Kitchen knives will always require some care and maintenance to keep them in the best shape and get the most out of them. Japanese kitchen knives are no exception. Some of the knives are made of carbon (not stainless) steel, while others are made of stainless steel. They will require different levels of care in use. Think about it this way: You have just purchased a Ferrari. Do not drive it in the ditch, down dirt roads or on ice. This is a high performance precision instrument, take care of it.


  • Please refrain from cutting extremely hard and/or frozen items (i.e. bones, seeds, metal, etc.) with your knife. This may cause chipping or other damage to the edge.
  • When cutting, use a clean, smooth cutting motion. Do not twist the knife while it is mid-cut, especially when cutting harder foods (i.e. squash carrots, etc.).
  • Please do not try to flex or bend your knife. This can cause chipping or cracking of the blade.
  • Please use a proper cutting surface. This knife should never be used on metal or glass surfaces. The best cutting boards for use with these knives are end-grain wood boards. Bamboo boards and poly boards can be excessively hard on the edge.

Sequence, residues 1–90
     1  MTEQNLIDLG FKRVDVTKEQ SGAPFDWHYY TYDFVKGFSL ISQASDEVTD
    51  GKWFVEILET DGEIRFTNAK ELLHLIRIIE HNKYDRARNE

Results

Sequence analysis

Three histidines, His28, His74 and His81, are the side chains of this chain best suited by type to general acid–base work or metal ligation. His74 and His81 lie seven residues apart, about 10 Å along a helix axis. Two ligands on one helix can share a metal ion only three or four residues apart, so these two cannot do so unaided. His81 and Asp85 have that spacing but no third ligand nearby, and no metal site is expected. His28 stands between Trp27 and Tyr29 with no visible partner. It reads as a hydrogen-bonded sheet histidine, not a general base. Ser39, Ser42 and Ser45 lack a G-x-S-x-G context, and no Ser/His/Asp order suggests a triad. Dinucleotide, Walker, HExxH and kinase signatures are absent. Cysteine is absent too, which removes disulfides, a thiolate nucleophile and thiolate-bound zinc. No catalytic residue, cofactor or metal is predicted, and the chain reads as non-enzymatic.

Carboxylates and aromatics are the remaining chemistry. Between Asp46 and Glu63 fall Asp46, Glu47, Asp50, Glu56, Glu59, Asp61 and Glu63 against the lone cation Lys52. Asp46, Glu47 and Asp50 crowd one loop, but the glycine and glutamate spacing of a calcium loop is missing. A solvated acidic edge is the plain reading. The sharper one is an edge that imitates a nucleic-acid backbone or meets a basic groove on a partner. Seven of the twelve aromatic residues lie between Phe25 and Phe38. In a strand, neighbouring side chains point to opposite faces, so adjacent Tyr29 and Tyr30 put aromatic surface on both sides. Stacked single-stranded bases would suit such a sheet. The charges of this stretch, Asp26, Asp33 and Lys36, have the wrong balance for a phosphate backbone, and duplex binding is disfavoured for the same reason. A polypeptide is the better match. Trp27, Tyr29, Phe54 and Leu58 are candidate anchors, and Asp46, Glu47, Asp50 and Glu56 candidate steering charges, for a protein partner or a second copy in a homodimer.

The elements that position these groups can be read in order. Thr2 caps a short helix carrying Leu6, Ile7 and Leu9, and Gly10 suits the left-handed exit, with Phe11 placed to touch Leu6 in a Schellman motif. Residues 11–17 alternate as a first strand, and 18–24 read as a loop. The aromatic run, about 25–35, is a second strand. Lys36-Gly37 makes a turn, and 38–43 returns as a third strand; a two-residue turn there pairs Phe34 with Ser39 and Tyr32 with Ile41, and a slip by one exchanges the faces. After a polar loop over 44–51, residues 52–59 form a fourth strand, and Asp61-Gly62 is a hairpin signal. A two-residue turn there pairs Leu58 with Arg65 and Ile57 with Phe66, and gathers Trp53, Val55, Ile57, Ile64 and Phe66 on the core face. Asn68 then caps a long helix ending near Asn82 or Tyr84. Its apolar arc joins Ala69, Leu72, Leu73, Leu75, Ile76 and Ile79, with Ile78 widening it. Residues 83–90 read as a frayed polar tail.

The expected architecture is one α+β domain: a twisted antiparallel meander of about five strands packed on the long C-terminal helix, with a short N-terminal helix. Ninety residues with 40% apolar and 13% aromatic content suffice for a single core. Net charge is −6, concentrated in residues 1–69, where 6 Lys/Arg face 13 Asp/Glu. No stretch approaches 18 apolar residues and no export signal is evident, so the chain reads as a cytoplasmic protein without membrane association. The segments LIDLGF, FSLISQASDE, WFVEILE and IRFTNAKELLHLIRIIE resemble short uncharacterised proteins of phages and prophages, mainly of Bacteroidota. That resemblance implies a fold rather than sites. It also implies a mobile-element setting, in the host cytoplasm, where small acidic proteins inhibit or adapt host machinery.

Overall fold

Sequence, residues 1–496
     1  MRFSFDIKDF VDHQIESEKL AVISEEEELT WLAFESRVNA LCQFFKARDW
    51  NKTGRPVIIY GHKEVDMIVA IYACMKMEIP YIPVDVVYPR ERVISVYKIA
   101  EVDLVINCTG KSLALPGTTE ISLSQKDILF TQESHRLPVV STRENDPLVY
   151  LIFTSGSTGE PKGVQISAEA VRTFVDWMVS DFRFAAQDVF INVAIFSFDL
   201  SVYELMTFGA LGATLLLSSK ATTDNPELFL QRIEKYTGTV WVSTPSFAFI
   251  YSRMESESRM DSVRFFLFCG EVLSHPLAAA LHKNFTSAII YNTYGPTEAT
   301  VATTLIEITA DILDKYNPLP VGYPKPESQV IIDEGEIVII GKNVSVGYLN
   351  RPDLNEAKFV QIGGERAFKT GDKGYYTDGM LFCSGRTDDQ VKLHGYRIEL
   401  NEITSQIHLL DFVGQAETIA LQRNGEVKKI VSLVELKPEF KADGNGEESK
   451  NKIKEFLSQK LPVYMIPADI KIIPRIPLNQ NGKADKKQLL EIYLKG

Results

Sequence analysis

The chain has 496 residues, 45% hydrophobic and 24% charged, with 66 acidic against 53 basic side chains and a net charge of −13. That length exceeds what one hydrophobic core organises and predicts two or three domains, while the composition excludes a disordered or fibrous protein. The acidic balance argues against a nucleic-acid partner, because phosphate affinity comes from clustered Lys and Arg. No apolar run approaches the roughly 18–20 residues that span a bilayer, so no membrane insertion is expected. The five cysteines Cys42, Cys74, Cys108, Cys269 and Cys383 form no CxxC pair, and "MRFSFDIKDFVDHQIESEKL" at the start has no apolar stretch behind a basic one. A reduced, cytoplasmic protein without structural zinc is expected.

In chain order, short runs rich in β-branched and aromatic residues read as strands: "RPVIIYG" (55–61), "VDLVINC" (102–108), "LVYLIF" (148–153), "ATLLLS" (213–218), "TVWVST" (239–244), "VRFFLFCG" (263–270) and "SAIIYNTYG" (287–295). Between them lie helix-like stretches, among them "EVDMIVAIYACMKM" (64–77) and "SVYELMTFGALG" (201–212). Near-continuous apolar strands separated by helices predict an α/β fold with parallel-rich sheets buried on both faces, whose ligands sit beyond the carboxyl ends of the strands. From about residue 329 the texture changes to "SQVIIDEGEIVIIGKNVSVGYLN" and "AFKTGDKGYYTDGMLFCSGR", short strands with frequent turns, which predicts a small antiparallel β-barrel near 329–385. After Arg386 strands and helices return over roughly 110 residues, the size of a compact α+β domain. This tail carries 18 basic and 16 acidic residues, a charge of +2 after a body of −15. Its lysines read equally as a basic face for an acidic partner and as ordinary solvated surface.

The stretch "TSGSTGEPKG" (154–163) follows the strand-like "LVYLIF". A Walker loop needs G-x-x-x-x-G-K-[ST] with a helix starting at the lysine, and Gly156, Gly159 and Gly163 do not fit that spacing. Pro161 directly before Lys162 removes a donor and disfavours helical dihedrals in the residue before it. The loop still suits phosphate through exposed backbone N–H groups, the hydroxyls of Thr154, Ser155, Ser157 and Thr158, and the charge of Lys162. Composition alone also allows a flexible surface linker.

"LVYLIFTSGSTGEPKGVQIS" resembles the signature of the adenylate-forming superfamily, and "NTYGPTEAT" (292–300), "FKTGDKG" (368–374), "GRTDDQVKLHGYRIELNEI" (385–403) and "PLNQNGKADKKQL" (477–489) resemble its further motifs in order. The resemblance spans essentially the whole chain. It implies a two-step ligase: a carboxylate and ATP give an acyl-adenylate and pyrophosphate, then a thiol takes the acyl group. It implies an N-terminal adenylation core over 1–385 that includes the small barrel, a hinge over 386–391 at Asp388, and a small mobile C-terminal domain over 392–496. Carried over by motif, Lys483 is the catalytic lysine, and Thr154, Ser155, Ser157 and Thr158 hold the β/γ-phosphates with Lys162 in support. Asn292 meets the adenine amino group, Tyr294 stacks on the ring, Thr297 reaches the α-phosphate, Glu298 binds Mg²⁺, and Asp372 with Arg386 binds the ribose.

• Your knife is NOT dishwasher safe. Please hand wash using mild soap and warm water. Always clean and dry the knife thoroughly before putting it away. Putting the knife in the dishwasher can cause damage to the edge as the knife can be bounced around. It can also cause damage to the handle, as the handle may change size or shape due to the heat, water, and chemicals.
  • Carbon steel knives require additional care.  These kinds of knives can rust if left wet and/or dirty.  Following use, they should be cleaned and throughly dried.
  • Carbon steel knives can be reactive with acidic foods.  When used improperly, their use can cause color, taste, and/or smell changes with acidic foods.  Also, carbon steel knives will patina with use.
  • Stainless does not mean that the knife can not rust.  Stainless-ness is a function of chromium content, relative carbon content, and the heat treatment process.  The stainless-ness of knives can vary, but all steel can rust if misused or if improperly cared for.  On some stainless knives with lower amounts of carbon, water spotting can occur on the blade.  This is normal and not a sign of a defect.
  • Do not leave this knife in your sink or pile anything on top of it.
  • This knife should only be sharpened using Japanese water stones.